Some would link the Father of our Lord Jesus Christ with His human nature, and the Father of glory with His divine nature. Whatever the full meaning of these terrific phrases, what is clear is that with God all was, is and will be glorious. Without God, all is mundane and hopeless. God has revealed Himself to us in the person of His Son. All that we have, and all that He has for us comes to us through Him. So when we pray let us be bold! We ought not to limit our prayers by what we think possible. We are talking to the One who is truly glorious, who is able to do far more than we ask or think possible. What is more, from the day when He tore open the curtain of the most holy place in the temple, that curtain that separated man from His glorious presence, He has opened the way for all believers to come to Him every day. We all have the tremendous privilege of access to the Father. But with privilege comes responsibility, for none of us can say "I can't", when Paul could say "I can do all things through Christ who strengthens me".

What does Paul pray for?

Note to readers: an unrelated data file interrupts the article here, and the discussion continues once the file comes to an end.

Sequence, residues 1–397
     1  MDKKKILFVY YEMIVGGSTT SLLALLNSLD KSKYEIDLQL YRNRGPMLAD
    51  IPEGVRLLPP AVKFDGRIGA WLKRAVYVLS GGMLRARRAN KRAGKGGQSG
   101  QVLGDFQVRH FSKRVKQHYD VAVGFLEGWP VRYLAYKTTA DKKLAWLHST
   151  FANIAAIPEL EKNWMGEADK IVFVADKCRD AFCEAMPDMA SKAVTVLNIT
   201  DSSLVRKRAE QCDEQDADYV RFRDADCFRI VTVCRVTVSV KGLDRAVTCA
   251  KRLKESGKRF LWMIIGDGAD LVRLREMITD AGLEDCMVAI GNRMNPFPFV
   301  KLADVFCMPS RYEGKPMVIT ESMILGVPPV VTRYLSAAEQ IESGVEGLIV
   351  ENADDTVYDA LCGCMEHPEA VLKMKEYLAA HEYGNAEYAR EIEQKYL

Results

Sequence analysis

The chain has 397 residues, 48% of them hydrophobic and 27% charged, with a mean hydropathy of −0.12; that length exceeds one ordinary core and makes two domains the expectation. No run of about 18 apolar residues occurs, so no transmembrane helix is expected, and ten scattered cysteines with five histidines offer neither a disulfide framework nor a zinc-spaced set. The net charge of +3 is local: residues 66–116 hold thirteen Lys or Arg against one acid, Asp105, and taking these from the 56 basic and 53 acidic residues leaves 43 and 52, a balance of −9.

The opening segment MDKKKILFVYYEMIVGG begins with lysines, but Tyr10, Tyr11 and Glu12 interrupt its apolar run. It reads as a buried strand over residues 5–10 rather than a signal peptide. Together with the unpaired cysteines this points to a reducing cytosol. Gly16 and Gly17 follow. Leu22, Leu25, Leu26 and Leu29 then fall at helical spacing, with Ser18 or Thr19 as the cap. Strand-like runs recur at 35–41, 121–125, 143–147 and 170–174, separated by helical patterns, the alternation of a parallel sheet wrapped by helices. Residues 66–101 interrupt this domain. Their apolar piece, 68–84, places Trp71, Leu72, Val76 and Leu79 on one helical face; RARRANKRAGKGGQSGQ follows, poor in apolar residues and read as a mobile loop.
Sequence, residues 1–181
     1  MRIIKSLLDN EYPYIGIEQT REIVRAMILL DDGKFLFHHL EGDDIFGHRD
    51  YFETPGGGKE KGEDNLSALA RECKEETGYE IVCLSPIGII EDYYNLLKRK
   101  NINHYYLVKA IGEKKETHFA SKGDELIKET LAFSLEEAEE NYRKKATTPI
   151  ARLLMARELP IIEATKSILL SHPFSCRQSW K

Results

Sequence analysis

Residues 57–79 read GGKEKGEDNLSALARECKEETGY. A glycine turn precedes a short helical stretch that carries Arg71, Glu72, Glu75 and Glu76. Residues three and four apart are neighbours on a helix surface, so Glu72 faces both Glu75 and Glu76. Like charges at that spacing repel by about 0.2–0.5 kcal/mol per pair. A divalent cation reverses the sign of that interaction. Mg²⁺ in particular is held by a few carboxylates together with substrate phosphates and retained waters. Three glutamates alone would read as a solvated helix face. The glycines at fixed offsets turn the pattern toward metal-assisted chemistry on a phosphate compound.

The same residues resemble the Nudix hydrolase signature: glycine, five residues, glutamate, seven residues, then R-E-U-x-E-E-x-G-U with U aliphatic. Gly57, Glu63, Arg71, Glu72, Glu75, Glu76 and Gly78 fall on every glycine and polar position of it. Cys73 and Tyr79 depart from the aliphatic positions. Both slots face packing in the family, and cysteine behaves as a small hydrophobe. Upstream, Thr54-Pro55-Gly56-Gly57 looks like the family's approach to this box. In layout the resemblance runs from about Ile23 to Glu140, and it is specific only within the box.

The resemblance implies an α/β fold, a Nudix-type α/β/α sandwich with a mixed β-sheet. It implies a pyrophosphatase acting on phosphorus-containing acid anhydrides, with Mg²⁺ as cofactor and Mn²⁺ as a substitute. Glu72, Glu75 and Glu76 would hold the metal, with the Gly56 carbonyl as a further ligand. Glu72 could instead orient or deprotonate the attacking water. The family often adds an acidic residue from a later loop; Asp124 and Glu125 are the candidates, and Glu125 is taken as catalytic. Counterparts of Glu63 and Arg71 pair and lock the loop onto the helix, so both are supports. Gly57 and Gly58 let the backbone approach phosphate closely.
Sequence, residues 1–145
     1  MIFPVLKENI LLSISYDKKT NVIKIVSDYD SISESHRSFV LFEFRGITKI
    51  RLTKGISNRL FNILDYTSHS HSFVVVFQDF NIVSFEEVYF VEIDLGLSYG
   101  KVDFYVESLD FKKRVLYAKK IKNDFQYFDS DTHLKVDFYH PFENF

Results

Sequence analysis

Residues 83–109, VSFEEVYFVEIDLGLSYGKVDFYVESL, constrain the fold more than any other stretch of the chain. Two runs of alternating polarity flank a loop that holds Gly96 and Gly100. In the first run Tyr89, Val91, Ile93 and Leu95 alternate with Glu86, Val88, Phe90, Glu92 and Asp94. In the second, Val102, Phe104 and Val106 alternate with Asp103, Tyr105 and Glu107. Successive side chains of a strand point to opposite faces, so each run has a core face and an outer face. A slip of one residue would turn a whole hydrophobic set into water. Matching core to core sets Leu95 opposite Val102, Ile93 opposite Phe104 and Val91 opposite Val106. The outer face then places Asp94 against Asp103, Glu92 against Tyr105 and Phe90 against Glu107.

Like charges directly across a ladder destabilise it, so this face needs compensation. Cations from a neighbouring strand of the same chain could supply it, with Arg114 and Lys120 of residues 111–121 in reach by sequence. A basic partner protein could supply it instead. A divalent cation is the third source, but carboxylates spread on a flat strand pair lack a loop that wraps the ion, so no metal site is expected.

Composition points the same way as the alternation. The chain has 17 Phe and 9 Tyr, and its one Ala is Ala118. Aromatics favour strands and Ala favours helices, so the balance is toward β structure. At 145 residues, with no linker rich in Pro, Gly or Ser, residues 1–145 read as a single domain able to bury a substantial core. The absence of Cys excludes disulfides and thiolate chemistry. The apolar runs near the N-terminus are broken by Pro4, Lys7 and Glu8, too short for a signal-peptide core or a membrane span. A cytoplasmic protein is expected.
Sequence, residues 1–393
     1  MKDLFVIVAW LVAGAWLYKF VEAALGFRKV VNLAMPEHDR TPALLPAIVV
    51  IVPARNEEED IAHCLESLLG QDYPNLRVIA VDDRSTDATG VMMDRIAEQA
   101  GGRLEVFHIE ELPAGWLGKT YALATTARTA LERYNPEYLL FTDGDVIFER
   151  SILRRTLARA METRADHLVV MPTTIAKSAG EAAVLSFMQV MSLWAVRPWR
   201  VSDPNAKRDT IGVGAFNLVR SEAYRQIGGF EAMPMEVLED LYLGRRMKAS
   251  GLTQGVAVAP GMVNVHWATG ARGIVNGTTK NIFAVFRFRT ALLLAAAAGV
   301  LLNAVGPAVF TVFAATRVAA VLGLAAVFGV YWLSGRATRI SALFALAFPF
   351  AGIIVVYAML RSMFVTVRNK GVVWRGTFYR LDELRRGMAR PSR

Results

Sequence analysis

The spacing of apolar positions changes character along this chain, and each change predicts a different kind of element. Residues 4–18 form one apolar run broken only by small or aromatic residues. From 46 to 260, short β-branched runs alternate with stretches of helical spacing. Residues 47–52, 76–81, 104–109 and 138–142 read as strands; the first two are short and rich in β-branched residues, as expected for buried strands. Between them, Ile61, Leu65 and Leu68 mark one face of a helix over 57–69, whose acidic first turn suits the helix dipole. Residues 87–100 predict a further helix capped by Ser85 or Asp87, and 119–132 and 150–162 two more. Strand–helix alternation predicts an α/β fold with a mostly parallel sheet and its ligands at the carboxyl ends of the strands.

Thirdly, we might ask what does Paul pray for? Quite simply Paul prays that the glorious Father may "give (them) the spirit of wisdom and revelation in the knowledge of Him, the eyes of your understanding being enlightened". In order that we may come to know God more, Paul prays for spiritual enlightenment. Note that Paul does not pray that the Ephesians would get to know Him more, but rather that through the work of the indwelling Spirit they may grow in wisdom and revelation. Paul prays for the means rather than the end. You see the Bible is not like a chemistry text book. I could read the latter and learn all the chemicals and their reactions and properties and soon become an expert chemist. But to read the Bible frequently is not necessarily to get to know God better. There is a definite path to follow to reach the goal of knowing God better. Studying theology at University is not necessarily the way to a closer relationship with God. Spiritual things can only be taught by the Spirit, energised by the Spirit and applied by the working of the Spirit. Once the Spirit is at work in my life, then there is nothing that I need to know that is beyond me. The only limit is my readiness to learn from Him. Wisdom is the application of knowledge, the living out in godly obedience of what I have learnt of God. Revelation is the making clear of all that God has for me. In one sense, the Bible is now complete and cannot be added to. So the Spirit is able to take what has been written for our learning and cause me to understand, as well as giving the necessary energy to live out what has been learnt. But there is also the sense of the daily revelation of His will in a particular circumstance. How often has the child of God cried out, "Lord, what do You want me to do?" only to be answered by the Spirit taking a verse, and showing an answer just right for the occasion.